Hello all. I dug up my article on the Emlagh gown and found out some
things. Let me begin by reiterating that I did not personally
examine this one as it was not housed in the National Museum of
Ireland. But Elizabeth Shee and Michael Kelly wrote an article about
it for the Cork Historicaland Archeological Society.
To make a long story short, the gown is open from neck to skirt and
fitted on an 8 year old child best when the right side overlapped the
left by about 10cm. The skirt sounds very similar to the Shinrone
gown, being sewn in narrow vertical ribs. The bottom is entirely
fragmentary but the maximum length is 74cmand maximum width when
opened is 106cm. The waistline at the bodice attachment is 83cm.
There seems to have been a rough attempt to narrow the skirt for a
smaller child by pulling the one edge back 11cm and tacking it to the
bodice. The skirt is distributed very unevenly onto the bodice and
the authors of this paper think that that indicates that the skirt
was altered to fit a more slender child than for whom it was
originally made. The article does not postulate how the bodice was
A clock, fragments of two other garments, a comb, a leather purse, a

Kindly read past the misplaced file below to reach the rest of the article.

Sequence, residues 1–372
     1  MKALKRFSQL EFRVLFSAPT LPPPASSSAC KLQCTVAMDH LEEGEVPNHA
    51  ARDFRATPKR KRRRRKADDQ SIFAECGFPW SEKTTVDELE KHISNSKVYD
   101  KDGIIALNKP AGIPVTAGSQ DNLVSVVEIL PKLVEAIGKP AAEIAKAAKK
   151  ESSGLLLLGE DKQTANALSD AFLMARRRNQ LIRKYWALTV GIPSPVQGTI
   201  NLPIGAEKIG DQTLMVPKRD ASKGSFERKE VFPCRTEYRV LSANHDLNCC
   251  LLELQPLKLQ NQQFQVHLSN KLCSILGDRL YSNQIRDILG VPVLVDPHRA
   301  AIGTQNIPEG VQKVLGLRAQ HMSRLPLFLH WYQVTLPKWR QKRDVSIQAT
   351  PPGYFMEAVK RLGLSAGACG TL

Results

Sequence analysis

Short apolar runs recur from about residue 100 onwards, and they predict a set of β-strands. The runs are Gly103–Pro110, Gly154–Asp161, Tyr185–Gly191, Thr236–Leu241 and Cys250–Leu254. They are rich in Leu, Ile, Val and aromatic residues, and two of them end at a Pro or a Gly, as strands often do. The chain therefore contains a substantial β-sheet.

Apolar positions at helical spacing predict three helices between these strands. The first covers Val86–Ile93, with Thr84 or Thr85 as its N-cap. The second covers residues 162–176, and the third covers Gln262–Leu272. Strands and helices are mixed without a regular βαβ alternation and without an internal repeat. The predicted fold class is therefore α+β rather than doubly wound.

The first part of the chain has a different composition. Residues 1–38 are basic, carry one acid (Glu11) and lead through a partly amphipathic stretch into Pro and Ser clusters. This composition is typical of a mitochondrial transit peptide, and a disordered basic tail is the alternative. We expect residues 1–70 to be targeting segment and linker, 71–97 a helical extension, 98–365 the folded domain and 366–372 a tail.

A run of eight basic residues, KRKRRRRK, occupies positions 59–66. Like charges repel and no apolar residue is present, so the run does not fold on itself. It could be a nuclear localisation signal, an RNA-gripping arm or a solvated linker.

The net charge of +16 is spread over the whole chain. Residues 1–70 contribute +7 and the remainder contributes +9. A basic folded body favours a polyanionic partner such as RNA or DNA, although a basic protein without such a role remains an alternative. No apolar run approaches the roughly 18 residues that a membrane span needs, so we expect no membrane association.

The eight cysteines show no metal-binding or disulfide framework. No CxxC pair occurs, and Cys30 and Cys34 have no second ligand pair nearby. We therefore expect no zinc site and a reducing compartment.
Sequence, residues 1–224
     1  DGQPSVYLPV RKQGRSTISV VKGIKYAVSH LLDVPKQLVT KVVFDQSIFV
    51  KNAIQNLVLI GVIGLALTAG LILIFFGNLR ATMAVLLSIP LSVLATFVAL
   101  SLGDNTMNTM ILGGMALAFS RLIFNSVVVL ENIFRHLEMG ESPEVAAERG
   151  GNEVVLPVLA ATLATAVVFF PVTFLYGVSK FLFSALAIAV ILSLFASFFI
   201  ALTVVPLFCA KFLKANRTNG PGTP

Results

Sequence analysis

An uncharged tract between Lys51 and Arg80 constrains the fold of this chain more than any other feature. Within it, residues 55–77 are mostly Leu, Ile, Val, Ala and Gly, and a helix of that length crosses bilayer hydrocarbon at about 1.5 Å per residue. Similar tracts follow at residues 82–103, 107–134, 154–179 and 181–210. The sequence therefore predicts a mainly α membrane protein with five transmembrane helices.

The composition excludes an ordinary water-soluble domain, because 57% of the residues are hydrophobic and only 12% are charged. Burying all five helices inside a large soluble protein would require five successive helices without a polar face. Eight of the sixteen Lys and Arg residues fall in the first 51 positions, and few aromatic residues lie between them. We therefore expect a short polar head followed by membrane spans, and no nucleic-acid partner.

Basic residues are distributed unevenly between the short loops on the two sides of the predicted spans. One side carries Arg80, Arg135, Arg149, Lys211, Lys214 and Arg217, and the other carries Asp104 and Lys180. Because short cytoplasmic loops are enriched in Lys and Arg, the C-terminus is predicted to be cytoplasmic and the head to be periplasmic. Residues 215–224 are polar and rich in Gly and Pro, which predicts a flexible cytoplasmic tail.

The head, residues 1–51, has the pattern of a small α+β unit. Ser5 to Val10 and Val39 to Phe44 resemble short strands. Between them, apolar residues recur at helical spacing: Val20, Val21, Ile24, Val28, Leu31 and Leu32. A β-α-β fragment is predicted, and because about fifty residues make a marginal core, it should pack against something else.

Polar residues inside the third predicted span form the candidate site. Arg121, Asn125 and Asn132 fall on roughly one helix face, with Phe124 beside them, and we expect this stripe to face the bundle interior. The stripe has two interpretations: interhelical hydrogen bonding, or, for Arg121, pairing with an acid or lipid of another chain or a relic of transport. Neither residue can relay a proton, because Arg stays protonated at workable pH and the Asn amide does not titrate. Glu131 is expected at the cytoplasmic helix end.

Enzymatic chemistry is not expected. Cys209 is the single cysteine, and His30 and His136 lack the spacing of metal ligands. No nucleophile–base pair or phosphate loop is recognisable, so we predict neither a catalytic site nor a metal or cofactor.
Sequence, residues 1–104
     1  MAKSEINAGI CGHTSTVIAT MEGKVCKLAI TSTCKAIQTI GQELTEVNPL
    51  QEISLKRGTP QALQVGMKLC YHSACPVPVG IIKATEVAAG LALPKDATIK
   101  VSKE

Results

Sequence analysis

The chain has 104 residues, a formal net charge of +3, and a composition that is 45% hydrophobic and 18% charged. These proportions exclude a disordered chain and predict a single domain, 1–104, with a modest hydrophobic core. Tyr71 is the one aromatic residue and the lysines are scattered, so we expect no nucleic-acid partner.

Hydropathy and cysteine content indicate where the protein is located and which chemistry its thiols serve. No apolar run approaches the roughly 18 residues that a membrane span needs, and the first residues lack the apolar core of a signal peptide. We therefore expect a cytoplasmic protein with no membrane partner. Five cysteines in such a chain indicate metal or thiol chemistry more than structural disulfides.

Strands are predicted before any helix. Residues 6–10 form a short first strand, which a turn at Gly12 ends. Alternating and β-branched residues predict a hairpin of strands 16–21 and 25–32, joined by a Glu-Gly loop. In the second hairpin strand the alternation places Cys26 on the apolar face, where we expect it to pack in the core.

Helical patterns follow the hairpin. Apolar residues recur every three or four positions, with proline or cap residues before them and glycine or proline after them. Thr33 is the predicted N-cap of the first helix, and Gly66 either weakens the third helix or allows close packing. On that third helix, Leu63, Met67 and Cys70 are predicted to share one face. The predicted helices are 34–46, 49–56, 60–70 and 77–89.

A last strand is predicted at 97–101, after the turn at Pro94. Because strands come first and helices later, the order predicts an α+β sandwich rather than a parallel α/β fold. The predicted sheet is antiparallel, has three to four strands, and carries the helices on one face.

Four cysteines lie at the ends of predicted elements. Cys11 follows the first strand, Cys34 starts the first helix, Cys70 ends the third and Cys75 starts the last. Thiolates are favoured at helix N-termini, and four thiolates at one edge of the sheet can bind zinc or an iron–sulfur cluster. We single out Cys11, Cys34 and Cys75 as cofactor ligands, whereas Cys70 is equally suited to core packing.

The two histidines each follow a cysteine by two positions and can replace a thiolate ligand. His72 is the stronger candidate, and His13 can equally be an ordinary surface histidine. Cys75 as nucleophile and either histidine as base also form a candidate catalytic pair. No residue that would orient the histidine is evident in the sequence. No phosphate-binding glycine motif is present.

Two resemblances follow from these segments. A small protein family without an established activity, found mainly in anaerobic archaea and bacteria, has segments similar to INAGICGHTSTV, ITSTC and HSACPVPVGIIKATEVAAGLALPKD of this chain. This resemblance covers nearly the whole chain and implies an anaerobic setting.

tuft of flax and a ball of woolen thread were also found with the
The dress is treated briefly in Dunlevy, but I admit that I didn't
look at the entry there because I knew this article covered it
better. I also found out (from the article) that there is another
child's gown and that one is housed in the National Museum. I did
not see it when I was there as I was not aware of its existence. I
am not aware that anyone has written about it.
It shocks me, however, that there is some decidedly wrong information
in Dunlevy and even in this article. The article talks
about "selvedges" on the skirt gores of the Shinrone gown, indicating
that the skirt was made up of rectangles and not trapezoids as I
found when I examined that gown. Dunlevy also purports that they are
rectangular gores. From personal conversations with Ms. Dunlevy, I
know that she did not personally examine the gown, but rather worked
from museum records. When I examined the gown, I found no
selvedges. Furthermore, the edges of the gores wer not parallel with
the warp thread as was evidenced by weft threads sticking out as they
do on any bias cut.
Just had to clear that up.
I hope those of you who were interested in this dress now know more